“It was fun. I had to learn them quickly to teach teachers how to use them. And once I had gotten to do that, we had just secured some significant funding to update a lot of our equipment, so I said, ‘Oh, we’re switching to all Go Directs. Just trust me. No need to test them. It’s worth it.”
“Even not having to have the wires so that you can go anywhere in the classroom, hallway, wherever, and do the lab is also a game changer, especially when we’re dealing with overcrowding in science labs.”
Beyond the ease of use and the flexibility in class, Vernier sensors and software also offer a lot of freedom when it comes to students needing to make up work or perform labs at home. Jedlicka recalls just the other day when one of her lab groups ran into an issue with their acceleration lab because the variable frame rate of their camera impacted their video analysis data.
“I literally made them a gallon size Ziploc bag with a tennis ball, and pennies, and a camera, and I said, ‘take this one home because I know it’ll work, and you can download the app. I uploaded the instructions and you can do the whole thing at home.’”
“The ease of things like that for lab makeups is a game changer because they could do the whole thing at home. They didn’t even have to come back into my classroom if they didn’t want to or couldn’t find the time to.”
Data Collection Strengthens Phenomenon-Based Learning within NGSS and TEKS Standards
For Jedlicka, the integration of hands-on learning and wireless tech goes beyond teaching physics; it’s about nurturing the next generation of scientists. As the Science Department Head, Jedlicka will support fellow teachers in aligning with Texas’s newly rewritten state standards, TEKS (Texas Essential Knowledge and Skills), which are going into effect fall 2024.
These new standards, which include ideas and strategies from NGSS, embrace the idea of phenomenon-based learning. In this model, students experience a real-world occurrence and then begin with asking questions and making observations. This is in contrast to traditional instruction where students take a more passive role in receiving information. Instead, the new focus shifts to student-led discovery and problem solving.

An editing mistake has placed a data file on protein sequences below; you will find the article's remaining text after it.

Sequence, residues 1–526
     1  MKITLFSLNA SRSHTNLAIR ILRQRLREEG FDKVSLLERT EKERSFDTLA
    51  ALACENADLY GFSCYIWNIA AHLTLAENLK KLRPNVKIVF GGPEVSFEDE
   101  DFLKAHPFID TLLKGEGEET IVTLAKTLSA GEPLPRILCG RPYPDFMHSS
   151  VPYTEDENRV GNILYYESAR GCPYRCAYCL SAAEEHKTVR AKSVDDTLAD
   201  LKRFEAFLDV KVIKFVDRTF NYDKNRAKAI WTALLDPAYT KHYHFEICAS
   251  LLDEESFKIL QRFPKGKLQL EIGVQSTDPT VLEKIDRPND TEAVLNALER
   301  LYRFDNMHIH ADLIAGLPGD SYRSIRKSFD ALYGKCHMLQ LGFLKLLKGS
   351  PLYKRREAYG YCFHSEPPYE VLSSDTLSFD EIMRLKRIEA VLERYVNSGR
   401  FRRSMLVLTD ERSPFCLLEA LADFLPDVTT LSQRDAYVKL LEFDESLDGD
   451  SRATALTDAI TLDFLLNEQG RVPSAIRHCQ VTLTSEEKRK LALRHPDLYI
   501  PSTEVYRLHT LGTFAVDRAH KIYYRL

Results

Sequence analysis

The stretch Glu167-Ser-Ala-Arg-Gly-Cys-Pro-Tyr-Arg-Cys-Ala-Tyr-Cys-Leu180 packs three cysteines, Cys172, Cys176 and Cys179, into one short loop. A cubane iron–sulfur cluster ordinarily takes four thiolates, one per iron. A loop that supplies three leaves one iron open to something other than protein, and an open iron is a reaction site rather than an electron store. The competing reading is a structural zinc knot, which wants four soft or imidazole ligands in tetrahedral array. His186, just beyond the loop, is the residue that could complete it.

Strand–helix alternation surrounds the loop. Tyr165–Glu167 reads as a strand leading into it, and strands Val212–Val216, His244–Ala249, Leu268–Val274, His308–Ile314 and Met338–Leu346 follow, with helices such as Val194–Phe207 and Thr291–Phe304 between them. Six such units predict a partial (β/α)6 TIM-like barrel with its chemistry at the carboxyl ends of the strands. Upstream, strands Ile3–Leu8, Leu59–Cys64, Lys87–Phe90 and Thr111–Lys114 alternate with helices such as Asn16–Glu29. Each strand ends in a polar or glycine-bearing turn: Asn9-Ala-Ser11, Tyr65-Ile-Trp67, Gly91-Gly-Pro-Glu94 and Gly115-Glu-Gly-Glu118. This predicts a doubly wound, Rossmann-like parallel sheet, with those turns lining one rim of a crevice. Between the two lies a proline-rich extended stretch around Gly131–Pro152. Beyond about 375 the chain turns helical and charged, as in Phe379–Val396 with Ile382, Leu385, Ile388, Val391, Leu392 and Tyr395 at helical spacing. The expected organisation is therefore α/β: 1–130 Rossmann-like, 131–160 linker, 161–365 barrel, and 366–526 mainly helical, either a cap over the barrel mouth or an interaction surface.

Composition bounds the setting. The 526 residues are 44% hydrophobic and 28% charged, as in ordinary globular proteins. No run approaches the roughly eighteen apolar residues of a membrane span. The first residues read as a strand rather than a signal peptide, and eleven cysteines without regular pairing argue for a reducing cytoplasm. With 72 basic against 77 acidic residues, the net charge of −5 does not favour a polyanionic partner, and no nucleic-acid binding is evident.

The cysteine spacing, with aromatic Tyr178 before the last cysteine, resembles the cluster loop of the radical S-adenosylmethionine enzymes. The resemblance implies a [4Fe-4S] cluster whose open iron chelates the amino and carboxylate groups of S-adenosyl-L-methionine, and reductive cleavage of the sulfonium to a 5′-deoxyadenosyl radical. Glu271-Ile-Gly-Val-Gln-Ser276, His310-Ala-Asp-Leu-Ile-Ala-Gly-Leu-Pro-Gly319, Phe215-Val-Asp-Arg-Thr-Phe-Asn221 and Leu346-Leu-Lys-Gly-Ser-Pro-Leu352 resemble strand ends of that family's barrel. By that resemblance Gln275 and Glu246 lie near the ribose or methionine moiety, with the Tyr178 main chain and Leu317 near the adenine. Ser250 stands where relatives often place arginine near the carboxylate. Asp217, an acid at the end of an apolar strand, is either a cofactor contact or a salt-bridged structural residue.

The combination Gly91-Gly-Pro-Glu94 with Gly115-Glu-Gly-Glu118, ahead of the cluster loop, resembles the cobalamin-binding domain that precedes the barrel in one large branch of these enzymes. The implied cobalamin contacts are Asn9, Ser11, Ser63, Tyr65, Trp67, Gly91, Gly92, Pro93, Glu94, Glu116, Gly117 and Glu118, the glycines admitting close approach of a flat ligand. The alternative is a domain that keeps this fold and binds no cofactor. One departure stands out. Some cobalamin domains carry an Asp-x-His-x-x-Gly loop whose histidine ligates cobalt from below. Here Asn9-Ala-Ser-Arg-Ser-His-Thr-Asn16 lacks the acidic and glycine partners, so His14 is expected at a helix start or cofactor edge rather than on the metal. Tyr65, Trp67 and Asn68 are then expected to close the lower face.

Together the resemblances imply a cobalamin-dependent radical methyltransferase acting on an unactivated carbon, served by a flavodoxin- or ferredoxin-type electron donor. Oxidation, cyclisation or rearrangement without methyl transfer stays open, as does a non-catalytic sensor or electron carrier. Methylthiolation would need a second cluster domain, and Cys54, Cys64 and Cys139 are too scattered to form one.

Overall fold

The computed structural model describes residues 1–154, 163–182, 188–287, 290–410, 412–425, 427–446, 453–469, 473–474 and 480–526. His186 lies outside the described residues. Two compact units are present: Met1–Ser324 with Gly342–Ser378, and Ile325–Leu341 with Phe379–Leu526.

“Science teachers have always done demos and things like that, but then the teacher usually explains all the pieces. So what we’re moving to is, instead of telling the kids what’s happening, we’re prompting them to observe and ask questions. ‘Okay, what do you think’s happening? What do you see? Okay, write that down.’”
“It’s more focused on students building knowledge around a phenomena or something they’d seen as opposed to teaching them the bits and pieces and facts and then putting it together and connecting it to the real world.”
“I’m really excited about the fact that, hopefully if teachers are doing it right, kids will be doing more labs, especially smaller labs, and they’re trying to make sense of the science instead of being told: here’s why it works.”
Jedlicka sees data-collection tools like Vernier sensors playing a key role in facilitating this model of learning. Not only do the sensors make lab work faster and more efficient, they let students be in control of data collection and observation.
“The sensors just spit out the reading so fast that if you just want them to take five minutes with equipment on their desks instead of doing a full lab, they can do that. Instead of you telling them what’s happening, they can measure it immediately and get that immediate feedback.”
“There’s just such a different cognitive understanding between reading a table of measurements in a textbook compared to ‘I’ve got my sensors out here and I’m getting the data immediately while I’m watching the thing happen.’”
To learn more about our physics solutions for hands-on science education, visit the Vernier website.